Amazon is taking an unusual step to push back on the critics of the company's labor policies: It's enlisted a group of Amazon workers who speak out over Twitter.
For the past week, the “Amazon FC Ambassadors” have was on Twitter, defending the company against accusations that the e-commerce was poor. They were tweeting back to concerns and reports that they allegedly received low wages and must pee in bottles because they have no time for bathroom breaks.
“Speaking on my own behalf, I can tell you that I've never seen anyone pee in a trash can or bucket before, “tweeted one ambassador, who works in an Amazon facility in Texas. “We have all the restrooms and water stations a warehouse worker could ask for!”
No peeing in bottles here. We like to use the good old-fashioned restrooms ??– Jeremy – Amazon FC Ambassador ?? (@AmazonFCJeremy) August 24, 2018
The Amazon FC Ambassadors were originally called out by a Twitter user, who immediately suspected they were an army of automated bots. However, Amazon has been telling journalists that the ambassadors are all real employees that work at the company's decision centers, where deliveries are prepared.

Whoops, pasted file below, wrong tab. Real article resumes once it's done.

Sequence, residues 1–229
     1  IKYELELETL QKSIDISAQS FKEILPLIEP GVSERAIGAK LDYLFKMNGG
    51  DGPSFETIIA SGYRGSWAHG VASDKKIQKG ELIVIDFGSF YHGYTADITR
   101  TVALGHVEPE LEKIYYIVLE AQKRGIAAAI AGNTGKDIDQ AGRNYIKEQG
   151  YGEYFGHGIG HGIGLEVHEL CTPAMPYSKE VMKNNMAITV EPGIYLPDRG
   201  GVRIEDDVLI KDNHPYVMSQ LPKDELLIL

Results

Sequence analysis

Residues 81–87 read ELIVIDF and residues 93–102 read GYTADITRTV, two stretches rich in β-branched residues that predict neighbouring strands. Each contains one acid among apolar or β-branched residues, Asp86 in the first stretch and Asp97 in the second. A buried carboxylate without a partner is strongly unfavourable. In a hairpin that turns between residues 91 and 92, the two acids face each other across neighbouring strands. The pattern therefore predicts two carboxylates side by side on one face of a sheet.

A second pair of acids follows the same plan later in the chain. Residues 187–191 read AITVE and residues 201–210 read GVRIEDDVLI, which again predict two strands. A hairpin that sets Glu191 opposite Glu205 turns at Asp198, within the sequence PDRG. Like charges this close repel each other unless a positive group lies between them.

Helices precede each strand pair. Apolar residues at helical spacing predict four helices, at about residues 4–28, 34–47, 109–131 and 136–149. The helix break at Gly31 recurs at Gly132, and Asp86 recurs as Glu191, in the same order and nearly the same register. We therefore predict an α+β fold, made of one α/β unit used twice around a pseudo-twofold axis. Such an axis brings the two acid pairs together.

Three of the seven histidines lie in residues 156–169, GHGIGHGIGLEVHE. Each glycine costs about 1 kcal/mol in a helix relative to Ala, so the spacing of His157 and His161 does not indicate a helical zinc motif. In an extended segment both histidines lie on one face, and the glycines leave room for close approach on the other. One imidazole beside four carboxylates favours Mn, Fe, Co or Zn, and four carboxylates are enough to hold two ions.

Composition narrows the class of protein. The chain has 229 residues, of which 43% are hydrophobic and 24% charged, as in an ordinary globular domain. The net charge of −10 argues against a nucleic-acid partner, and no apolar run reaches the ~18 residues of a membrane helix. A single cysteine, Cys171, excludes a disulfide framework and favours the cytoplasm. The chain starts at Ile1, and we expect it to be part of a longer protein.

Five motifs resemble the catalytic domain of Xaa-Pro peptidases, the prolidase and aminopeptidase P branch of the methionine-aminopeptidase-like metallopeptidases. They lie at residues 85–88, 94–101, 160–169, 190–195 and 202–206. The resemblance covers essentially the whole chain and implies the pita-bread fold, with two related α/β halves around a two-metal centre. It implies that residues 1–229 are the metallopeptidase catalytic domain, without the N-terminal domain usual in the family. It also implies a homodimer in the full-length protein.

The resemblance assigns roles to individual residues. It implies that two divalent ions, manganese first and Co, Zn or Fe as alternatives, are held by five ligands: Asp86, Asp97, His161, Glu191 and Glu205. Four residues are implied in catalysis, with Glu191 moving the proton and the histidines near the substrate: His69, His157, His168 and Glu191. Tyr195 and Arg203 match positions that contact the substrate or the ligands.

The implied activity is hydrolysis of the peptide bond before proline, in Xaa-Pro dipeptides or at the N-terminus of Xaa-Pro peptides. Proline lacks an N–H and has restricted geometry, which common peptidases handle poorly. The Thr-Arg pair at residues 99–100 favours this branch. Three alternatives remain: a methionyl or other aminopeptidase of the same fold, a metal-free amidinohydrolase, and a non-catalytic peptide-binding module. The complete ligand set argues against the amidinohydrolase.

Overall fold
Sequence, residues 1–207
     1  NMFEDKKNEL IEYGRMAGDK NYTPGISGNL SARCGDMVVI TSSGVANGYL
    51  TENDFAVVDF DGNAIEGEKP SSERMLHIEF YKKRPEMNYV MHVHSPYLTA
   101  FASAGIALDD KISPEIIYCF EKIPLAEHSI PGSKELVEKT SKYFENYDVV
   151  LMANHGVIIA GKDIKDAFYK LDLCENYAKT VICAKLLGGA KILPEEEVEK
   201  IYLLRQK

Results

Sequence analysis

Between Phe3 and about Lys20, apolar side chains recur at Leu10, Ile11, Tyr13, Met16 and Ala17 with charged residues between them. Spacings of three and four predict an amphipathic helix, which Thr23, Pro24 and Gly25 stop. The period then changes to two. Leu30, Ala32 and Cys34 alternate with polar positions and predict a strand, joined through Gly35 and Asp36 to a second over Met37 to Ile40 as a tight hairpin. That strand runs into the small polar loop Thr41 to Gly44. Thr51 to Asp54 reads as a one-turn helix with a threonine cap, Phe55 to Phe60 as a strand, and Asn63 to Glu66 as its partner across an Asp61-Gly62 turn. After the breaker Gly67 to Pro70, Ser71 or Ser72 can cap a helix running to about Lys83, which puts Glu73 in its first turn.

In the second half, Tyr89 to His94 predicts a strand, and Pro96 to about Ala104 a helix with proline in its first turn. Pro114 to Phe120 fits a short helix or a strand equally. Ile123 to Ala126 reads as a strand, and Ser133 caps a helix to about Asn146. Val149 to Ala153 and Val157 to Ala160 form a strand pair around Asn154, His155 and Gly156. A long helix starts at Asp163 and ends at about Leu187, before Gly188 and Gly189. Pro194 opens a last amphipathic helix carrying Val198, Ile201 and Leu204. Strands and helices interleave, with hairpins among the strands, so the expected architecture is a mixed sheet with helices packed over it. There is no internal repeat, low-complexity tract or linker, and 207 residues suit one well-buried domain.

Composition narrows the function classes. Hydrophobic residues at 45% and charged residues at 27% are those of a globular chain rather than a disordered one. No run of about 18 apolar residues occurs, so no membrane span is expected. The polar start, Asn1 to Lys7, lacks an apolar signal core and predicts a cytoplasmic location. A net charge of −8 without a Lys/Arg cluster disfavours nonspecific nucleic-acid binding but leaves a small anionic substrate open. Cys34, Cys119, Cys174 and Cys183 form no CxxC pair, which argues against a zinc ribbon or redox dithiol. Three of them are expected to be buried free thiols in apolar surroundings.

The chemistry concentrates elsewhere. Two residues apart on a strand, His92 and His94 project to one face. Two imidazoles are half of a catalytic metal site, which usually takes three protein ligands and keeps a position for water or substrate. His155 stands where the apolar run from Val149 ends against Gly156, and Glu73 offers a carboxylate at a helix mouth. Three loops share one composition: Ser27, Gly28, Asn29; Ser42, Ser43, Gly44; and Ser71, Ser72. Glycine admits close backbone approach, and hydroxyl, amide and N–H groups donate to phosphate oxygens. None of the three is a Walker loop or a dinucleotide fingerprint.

“The most important thing is that they've been (the ambassadors) been here long enough to honestly share the facts based on personal experience, “Amazon told PCMag. “
Recently, Amazon's labor practices have been facing scrutiny across the world.” Last month, trade unions in Spain and Germany held strikes against the company, claiming that the e-commerce provider was getting rid of the health of its warehouse workers. An undercover of the United States of America has been published in the United Kingdom.
However, the Amazon FC ambassadors have been offering a different story. “I am treated well, my safety / well being are a priority for my managers,” tweeted an ambassador of Phil, who works in a Washington state warehouse. “The building is clean and I have great benefits,” he added.
“Uh … no … We do get bathroom breaks and we can use the restroom any time we need without a penalty for doing so,” tweeted another ambassador named Caleb.
They've also been tweeting that, yes, they are real people, and not bots running automated scripts. Becoming an ambassador was also visible optional. Or whether their tweets will change anyone's opinion about Amazon is another matter. Other Amazons PR effort.
what if you put – Amazon FC Ambassador in your name and then talked about how much amazon sucks– Morg ?? (@Dejamuu_) August 23, 2018
However, Amazon is encouraging any of the pertinent members of the public to schedule the conditions for themselves.